Diary of Charles Francis Adams, volume 6

Sunday. 21st. CFA Sunday. 21st. CFA
Sunday. 21st.

Morning mild and beginning to melt—Indications of the breaking up of the Winter. I passed all my leisure time in writing a letter to my father giving the details of what has passed in the political way 337during the last two weeks.1 His position is a painful one and so is mine. We have no friends. I pursue politics as a duty and not by any means as a pleasure.

Attended divine service and heard an excellent discourse by Mr. Frothingham upon the prevailing tendency in the Community to excessive lenity towards criminal offenders. Acts 3. 14. “Ye desired a murderer to be granted unto you.” This was immediately occasioned by a question now before the Governor and Council respecting the condemnation of a couple of incendiaries. Upon leaving Church however, Mr. Bradlee told me they were condemned.

A Walk notwithstanding the weather. Mr. Walsh dined with me and attended service afterwards. Mr. Gannet. 1. Timothy 5. 5. “Trusting in God and continuing in supplications and prayers night and day.” Upon prayer, the necessity of it. There is something overdone in this man that prevents the effect of what he says. Afterwards a discourse of Dr. Barrow in continuation of the subject of self, and divided into the four heads of self confidence, self complacence, self will and self interest. Very good. Evening quiet at home.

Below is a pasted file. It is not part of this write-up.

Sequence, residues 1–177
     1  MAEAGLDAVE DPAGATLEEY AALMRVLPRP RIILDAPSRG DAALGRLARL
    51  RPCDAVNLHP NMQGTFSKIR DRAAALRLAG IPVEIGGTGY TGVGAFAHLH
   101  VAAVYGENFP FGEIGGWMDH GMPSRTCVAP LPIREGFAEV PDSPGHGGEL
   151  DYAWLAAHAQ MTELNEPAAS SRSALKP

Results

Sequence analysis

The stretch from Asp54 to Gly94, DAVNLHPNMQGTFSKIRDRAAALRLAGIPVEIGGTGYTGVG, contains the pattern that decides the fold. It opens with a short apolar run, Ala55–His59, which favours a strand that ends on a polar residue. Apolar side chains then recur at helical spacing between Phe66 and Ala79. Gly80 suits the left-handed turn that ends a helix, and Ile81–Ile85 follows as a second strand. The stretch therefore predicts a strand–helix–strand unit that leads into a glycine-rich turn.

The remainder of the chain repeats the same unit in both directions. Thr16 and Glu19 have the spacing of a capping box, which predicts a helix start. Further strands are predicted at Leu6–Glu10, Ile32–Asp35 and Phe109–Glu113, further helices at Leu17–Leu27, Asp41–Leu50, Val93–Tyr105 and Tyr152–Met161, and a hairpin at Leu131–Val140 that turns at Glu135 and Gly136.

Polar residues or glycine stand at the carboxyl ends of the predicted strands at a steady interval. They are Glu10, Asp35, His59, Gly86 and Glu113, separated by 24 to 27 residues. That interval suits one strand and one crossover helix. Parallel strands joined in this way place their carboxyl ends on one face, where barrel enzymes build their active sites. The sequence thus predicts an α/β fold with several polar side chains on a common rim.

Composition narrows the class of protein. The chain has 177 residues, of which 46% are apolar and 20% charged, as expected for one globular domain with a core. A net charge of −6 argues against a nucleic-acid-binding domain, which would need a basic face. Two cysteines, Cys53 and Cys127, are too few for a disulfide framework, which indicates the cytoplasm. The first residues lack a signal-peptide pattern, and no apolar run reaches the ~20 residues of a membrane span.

Letter in Adams Papers.

Monday. 22d. CFA Monday. 22d. CFA
Monday. 22d.

A beautiful day for the Anniversary of Washington, and for a day which I have especial cause to recollect.1 But the walking in consequence of the thaw was as bad as I have ever known it. Office where the changes still render us very uncomfortable. Mr. Hurlbert is going much farther than he originally designed. My time was taken up in Diary and Accounts. Then out, but only to the Althenaeum where I procured one or two volumes. Nothing new or worthy of especial notice.

Home where I read Livy. Afternoon devoted to copying the Letter to my father which I finished completely for the Mail, but had very little leisure to do any thing else.

Evening, went according to invitation over to the House of Mr. Everett. He was receiving the family—Mr. Brooks, Mr. and Mrs. Frothingham and myself the only ones who went. Evening tolerably pleasant. But there is no heart in that house. Home at ten.


The day was the anniversary of CFA’s engagement to Abigail Brooks (see vol. 2:107–108,, 215–216).